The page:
Induction of RhMRBC Forming Cells in Vitro
The ability to rosette RhMRBC was demonstrated for non-T lymphocytes (i.e., non-SRBC rosetting cells) of normal donors, for several cell lines of varied origin, and PBL presumably of leukemic origin. Further, this phenomenon could be transient in normal individuals. We, therefore, decided to investigate whether this capability might be induced in non-T lymphocytes from normal donors.
Lymphocytes were isolated from healthy adult donors and placed in culture. It was noted that FCS (Lot C381021) could induce excess RhMRBC rosetting cells in vitro (FIG. 1). Hence, assays were carried out in medium supplemented with 10% human AB+ serum obtained from an individual male donor. This serum was heat inactivated and depleted of HGG as described above. FIG. 1 illustrates the induction of excess RhMRBC rosetting cells in vitro in the presence of various reagents. LPS, PWM or Con A each cause an increase in the fraction of lymphocytes rosetting RhMRBC, whereas SRBC rosetting cells remained at initial values. Up to 93% of the lymphocyte population was found to rosette RhMRBC after in vitro culture with these substances. The percent of lymphocytes in control cultures rosetting RhMRBC and SRBC remained the same (55-65%).
To determine whether or not a secreted or shed product of another lymphoblastoid line besides MCUV might serve to induce an increase in the fraction of lymphocytes rosetting RhMRBC, cell supernatant fluids from cultures of the human cell line CEM were also examined. FIG. 3 illustrates the induction of RhMRBC rosetting by a CEM culture fluid. UV inactivated CEM supernatant fluids were just as efficient at this induction suggesting that live virus was not responsible for the induction as is very likely with MCUV supernatant fluids (EBV). Again, no increase in SRBC rosetting was noticed with either CEM supernatant preparation. Thus, a product other than a live virus, of a human lymphoblastoid line, in this case of T cell origin, can also induce RhMRBC rosetting.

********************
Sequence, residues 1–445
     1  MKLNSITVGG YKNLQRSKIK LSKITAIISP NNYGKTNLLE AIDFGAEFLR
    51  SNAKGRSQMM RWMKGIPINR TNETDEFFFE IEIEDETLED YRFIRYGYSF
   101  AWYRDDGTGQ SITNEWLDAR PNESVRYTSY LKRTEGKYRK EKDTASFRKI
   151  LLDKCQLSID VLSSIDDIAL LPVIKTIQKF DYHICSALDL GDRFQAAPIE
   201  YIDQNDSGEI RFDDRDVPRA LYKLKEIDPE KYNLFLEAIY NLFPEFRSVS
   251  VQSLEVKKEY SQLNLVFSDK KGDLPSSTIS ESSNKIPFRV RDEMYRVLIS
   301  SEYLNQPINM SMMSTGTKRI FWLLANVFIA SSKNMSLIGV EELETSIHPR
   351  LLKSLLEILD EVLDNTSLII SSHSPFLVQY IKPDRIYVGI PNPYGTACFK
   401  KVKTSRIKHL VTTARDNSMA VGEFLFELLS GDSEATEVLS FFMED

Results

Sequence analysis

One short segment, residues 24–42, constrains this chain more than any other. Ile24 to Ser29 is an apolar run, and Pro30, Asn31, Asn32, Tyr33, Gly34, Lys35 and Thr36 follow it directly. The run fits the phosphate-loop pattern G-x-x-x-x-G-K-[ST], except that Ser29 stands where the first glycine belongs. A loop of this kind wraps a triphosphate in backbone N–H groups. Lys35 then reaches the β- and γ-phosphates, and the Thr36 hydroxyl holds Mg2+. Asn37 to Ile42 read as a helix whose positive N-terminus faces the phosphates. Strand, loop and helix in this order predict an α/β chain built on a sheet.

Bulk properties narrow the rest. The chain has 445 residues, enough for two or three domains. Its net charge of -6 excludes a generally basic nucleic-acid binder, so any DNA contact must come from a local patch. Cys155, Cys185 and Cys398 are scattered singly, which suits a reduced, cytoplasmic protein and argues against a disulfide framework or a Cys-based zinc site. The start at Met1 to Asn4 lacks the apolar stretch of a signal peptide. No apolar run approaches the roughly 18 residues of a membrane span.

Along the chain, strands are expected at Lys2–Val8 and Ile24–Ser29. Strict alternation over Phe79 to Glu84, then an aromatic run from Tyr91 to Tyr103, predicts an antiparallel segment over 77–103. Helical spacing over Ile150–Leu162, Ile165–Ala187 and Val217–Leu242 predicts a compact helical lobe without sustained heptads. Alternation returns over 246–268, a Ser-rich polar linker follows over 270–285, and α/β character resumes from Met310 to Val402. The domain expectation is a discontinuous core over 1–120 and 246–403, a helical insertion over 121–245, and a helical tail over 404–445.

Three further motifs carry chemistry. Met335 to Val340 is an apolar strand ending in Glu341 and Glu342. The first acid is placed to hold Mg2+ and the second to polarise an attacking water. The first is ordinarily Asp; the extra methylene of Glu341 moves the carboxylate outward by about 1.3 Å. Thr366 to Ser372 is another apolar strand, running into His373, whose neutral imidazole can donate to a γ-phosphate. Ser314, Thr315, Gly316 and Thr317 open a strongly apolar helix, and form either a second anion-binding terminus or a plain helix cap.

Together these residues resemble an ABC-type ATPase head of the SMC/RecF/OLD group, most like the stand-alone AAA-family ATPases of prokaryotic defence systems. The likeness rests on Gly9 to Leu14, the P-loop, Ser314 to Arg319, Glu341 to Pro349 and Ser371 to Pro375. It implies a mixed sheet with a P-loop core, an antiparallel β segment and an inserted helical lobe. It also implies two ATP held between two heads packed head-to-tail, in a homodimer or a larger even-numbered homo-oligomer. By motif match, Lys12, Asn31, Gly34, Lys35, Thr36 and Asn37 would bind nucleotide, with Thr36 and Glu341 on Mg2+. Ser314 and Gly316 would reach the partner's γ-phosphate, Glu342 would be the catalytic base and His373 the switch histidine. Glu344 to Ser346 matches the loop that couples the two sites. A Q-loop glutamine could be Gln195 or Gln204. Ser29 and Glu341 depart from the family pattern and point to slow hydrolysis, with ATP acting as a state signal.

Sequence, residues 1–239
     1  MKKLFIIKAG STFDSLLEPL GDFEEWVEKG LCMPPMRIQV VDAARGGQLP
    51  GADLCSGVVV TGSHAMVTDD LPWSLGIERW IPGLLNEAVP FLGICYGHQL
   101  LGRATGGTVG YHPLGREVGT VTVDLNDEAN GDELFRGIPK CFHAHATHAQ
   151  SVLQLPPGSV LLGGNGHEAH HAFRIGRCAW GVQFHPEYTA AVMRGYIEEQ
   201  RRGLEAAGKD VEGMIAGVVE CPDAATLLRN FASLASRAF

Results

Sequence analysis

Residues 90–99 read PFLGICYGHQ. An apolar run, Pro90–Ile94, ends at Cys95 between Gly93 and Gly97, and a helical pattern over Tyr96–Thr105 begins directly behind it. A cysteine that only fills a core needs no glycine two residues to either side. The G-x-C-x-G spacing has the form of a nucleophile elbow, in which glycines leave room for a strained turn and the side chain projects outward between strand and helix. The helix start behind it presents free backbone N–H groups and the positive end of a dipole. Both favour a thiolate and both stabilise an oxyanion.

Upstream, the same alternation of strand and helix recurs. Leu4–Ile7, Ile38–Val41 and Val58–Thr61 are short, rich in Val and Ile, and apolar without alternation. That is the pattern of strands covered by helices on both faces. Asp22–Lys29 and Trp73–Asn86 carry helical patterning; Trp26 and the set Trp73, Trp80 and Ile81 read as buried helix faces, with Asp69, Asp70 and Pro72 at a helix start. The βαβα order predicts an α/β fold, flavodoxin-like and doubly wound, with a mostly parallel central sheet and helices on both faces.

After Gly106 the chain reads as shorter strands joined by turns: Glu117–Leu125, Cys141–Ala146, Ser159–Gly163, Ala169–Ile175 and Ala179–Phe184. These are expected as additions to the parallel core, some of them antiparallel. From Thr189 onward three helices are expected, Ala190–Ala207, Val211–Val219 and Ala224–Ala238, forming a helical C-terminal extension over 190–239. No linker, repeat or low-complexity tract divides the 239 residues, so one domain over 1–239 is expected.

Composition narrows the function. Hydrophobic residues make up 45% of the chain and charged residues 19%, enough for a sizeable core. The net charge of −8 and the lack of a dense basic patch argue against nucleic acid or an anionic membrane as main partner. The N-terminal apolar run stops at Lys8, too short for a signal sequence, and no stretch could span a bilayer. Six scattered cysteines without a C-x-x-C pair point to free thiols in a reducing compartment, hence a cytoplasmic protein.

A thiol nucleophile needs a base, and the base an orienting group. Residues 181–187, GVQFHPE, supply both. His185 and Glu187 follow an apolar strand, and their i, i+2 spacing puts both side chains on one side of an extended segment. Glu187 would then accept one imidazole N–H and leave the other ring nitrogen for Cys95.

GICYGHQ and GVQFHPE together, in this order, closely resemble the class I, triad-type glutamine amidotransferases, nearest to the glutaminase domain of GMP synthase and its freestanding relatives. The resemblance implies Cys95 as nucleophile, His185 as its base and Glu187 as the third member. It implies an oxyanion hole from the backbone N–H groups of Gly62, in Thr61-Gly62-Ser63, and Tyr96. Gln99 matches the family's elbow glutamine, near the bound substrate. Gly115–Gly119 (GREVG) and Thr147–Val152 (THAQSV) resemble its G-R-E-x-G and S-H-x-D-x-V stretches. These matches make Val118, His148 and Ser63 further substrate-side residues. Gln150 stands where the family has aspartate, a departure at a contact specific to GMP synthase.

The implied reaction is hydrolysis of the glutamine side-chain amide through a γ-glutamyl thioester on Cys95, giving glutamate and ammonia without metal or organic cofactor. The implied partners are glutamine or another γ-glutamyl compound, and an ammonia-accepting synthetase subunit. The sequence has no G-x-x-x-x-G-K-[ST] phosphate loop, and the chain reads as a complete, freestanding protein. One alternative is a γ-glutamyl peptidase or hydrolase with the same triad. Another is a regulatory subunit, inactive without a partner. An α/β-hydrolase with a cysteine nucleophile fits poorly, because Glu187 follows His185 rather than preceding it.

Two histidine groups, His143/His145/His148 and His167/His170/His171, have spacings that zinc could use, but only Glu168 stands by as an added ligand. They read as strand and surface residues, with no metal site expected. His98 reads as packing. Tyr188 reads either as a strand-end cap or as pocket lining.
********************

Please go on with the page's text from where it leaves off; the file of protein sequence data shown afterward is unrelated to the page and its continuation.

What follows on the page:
Concomittant examination of [3 H] thymidine uptake by lymphocytes, as a measure of DNA synthesis, was accomplished in these stimulation experiments. Data for experiments using mitogenic agents is shown in Table IV. With CEM supernatant fluids and with LPS, little or no increase in [3 H] thynidine uptake was observed. With EBV, somewhat variable responses were noted, however, the virus did not induce much [3 H] thymidine uptake even after seven days (data not shown) in the experiments illustrated in FIG. 2. With PWM, stimulation indices were generally maximal in the 3-6 day range, and with Con A, they were maximal after five days of incubation and decreasing by nine days. This is in agreement with previous data regarding the kinetics of these mitogenic responses. With FCS, we observed increases in stimulation indices also, not with peaks in the 3-6 day range, however. Rather, uptake was still increasing, at least up to day nine, in one of the experiments. These data are in general contrast to RhMRBC rosetting data. With all agents except FCS (PWM, Con A, LPS, EBV, CEM supernatant fluids), maximal RhMRBC rosetting had occurred by no later than 40 hr after initiation of the experiment. Hence, expression of the increased rosetting propensity by non-T lymphocytes is not directly correlated with DNA synthesis and, by implication, not directly with a proliferative response.